An Accidental Haven

Nearing another anniversary of Hurricane Katrina, I recently went back to visit the Alexandria couple that took my family in for a week and helped us cope with the tragedy as it unfurled.

We decided to leave New Orleans Saturday morning as the news reports got dire. With my mother and my two-year-old son, I packed the car and left my house in Mid-City, a house I had bought only six months earlier, the first house I ever owned.

Even though we left before the mandatory evacuation, it took six hours to get from Mid-City to Kenner. Knowing all the hotels would be full, we decided to head toward Alexandria where a friend of the family lived. His house was already bursting with children and grandchildren in the same predicament, but he told us to come on, and that his daughter and her husband, neither of whom we’d met, would put us up.

After 15 hours of driving in excruciating traffic, we would have been happy with any modest guest room, couch, or even floor. What we found was a jewel of a home with plenty of extra bedrooms, a garden so heavenly I wondered if I was dreaming, and an angel named Janet.

Janet and Carl Ahrens’ large, brick ranch-style house in southwestern Alexandria sits in a vast and soothing pool of green grass and shade that knocks 10 degrees off the thermometer even in the hottest month of the year. But the serene oak trees and the modest facade of the house belie the treasure that rests inside and in the mystical garden in the back.

Exhausted, anxious, and stiff, my little family blinked and shuffled in, worrying about whether we’d have the resources to be polite to strangers, even these kind ones. But within minutes, Janet and Carl put us at ease, fed us a hearty dinner in a dining room full of happy spirits, and made us feel like family.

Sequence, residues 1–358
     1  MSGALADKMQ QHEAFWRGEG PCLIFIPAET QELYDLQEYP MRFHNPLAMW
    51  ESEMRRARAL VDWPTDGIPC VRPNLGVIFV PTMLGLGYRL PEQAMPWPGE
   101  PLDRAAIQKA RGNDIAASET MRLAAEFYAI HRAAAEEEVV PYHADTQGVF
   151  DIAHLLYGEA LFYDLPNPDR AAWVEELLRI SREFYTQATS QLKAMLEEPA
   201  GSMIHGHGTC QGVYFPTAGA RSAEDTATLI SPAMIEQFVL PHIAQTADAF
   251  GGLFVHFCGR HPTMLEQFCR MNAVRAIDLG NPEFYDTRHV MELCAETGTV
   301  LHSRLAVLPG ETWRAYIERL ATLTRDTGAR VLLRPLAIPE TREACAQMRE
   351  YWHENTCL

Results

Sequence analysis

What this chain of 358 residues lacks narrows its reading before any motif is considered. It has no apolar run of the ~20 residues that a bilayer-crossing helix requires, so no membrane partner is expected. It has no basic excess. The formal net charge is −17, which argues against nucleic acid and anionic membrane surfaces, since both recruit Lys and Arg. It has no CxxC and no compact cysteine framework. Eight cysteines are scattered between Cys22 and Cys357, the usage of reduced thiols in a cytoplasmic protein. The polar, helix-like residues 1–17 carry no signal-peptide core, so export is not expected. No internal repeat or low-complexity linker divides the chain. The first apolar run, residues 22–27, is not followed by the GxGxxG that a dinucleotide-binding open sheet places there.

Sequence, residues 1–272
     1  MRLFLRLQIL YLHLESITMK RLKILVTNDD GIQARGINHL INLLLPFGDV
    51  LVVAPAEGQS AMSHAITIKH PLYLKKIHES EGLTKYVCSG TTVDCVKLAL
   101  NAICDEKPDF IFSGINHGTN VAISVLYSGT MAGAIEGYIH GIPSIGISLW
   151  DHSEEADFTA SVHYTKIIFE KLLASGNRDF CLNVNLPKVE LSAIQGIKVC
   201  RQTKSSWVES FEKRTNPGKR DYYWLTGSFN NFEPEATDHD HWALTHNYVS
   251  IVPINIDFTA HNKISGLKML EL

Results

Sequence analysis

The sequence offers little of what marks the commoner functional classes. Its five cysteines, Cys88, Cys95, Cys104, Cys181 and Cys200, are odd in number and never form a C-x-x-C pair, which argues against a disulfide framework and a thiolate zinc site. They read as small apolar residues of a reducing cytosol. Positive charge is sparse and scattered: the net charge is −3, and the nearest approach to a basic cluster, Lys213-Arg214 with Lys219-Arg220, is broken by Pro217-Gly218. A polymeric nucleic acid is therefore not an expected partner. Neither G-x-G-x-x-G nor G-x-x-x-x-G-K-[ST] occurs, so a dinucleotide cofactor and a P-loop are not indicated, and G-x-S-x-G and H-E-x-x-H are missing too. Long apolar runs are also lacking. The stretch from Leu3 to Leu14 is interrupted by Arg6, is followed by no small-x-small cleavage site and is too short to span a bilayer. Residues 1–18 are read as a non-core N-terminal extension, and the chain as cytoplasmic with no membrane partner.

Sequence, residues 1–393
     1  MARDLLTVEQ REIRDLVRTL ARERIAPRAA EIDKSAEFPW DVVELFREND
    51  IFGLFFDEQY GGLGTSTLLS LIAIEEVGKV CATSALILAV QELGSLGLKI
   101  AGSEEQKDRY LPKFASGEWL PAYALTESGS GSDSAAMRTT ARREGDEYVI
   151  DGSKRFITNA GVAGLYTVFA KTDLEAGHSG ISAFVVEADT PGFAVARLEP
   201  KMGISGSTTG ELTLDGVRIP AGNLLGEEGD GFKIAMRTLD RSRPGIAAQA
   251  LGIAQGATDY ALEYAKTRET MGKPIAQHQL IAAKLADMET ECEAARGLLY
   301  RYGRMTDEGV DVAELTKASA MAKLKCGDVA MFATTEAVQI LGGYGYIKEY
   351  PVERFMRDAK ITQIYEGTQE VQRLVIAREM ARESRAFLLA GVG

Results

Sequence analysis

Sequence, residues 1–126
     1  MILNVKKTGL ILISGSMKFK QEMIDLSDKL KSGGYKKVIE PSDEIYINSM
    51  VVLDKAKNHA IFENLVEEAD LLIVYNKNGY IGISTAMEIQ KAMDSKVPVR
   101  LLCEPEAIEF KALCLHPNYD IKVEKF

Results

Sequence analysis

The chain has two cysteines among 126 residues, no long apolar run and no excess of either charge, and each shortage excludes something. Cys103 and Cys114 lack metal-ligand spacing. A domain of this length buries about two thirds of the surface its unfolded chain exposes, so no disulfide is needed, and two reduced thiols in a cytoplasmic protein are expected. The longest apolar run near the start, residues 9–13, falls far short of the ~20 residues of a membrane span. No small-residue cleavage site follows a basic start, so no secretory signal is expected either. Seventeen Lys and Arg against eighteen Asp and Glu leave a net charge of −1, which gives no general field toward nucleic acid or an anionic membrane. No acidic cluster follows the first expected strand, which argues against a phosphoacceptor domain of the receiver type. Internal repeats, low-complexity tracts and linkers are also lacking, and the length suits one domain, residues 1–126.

I have rarely seen a home so filled with intriguing art and unusual objects. Most of the pieces have spiritual significance or mysterious aspects. We would learn that much of the art sprang from the hands of our hosts. And family photos lined the hallways—school photos and military portraits, wedding receptions and birthdays—so that, by the time we left a week later, we felt we knew the entire extended families on both sides.

As in many homes, the “formal” front entry of the Ahrens’ house is rarely used. Everyone enters by way of the carport, into a living room filled with art and flowers and inviting upholstered furniture. Up a few steps is the den, a room all in red that somehow combines the feeling of a vivid gallery and a cozy place to chat. The dining room follows to the left and the kitchen to the right, with a hall leading to the bedroom wing straight ahead.

The house forms an L that wraps around an enormous green expanse of shaded lawn with magical nooks and niches filled with fun-spirited and spiritual plants and works of art. A wide porch wraps around the rear of the house, and it, too, bustles with pottery heads, comfortable furniture, and fascinating found objects. A large circular fountain burbles in the center of everything, adding that essential element of water to the mix.

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